This site uses cookies. By continuing to browse the site you are agreeing to our use of cookies. Review our Privacy and Cookie Notice for more details. X

2016 Initial Quality Study: Korean Brands Outperform Others in Infotainment, Connectivity

2016 Initial Quality Study: Korean Brands Outperform Others in Infotainment, Connectivity

By Philly Murtha, July 07, 2016
Korean auto brands—Hyundai and Kia—collectively average the fewest defects overall this year, according to new-vehicle owners and lessees surveyed after the first 90 days of ownership in the J.D. Power 2016 U.S. Initial Quality StudySM (IQS). Respondents indicate that they had much better experiences with their new Korean vehicles’ automotive technology as well—specifically audio, communication, entertainment, and navigation features and systems, referred to as ACEN.

The ACEN problem category of the Initial Quality Study is one of eight developed to analyze the initial quality of a new vehicle during the first 90 days of ownership. This category is the largest problem group and accounts for 24% of the 233 possible problems that are assessed to measure initial quality.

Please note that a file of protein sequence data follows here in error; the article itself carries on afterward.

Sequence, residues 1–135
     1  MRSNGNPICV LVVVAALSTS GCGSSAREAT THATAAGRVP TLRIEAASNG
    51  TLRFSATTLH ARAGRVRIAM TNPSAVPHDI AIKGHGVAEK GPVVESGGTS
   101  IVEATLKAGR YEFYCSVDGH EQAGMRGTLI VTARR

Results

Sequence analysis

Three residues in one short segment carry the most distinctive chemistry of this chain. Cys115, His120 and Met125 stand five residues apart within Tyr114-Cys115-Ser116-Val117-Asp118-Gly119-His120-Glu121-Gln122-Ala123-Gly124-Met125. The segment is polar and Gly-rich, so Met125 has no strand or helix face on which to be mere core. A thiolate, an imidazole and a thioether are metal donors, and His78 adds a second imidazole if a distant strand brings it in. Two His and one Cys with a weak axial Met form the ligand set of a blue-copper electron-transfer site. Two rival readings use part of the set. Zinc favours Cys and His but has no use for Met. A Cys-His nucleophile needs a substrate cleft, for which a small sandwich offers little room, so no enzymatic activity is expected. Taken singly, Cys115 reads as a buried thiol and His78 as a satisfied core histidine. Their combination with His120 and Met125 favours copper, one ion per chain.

Although the problems per 100 vehicles (PP100) metric improves for all eight problem categories evaluated in the 2016 IQS, the ACEN group remains the most challenging, averaging 25.2 PP100. That’s better than a year ago, but still more than three times higher than the category with the fewest problems—Heating, Ventilation and Air Conditioning (HVAC)—which averages 6.5 PP100 and has also improved from 2015.

In spite of adding new and more technologies to their models, the Korean brands have the best (lowest PP100) score in this category—16 PP100—which has helped them move ahead in overall initial quality. J.D. Power finds that 3 years ago, problem rates were much higher in the ACEN category for all automakers. However, a drop of 10.7 PP100 (from 26.7 PP100 in 2013) in this category among the Korean brands has been a major contributor to the overall quality improvement of Korean brands.

It’s noteworthy that the domestic brands this year have also improved in the ACEN category by achieving 22 PP100 vs. 25.5 PP100 in 2013. However, the ACEN category score among Japanese brands climbs by 5.4 PP100, to 30 PP100 in 2016. Also, the European brands’ ACEN score edges up from 2013 by 1.2 PP100, to 28 PP100 in the 2016 IQS.

In further analysis, J.D. Power finds that this technology category has been the most problematic for new-vehicle owners or lessees who have been surveyed since 2013. Built-in voice recognition—slightly less problematic this year—and Bluetooth connectivity remain the major problems reported by some 70% of respondents whose new vehicles are equipped with these technologies.

Additional Research:

Untitled Document

Subscribe to J.D. Power Cars Newsletter

* indicates required

View previous campaigns.


Advertisement
Advertisement
Advertisement
Advertisement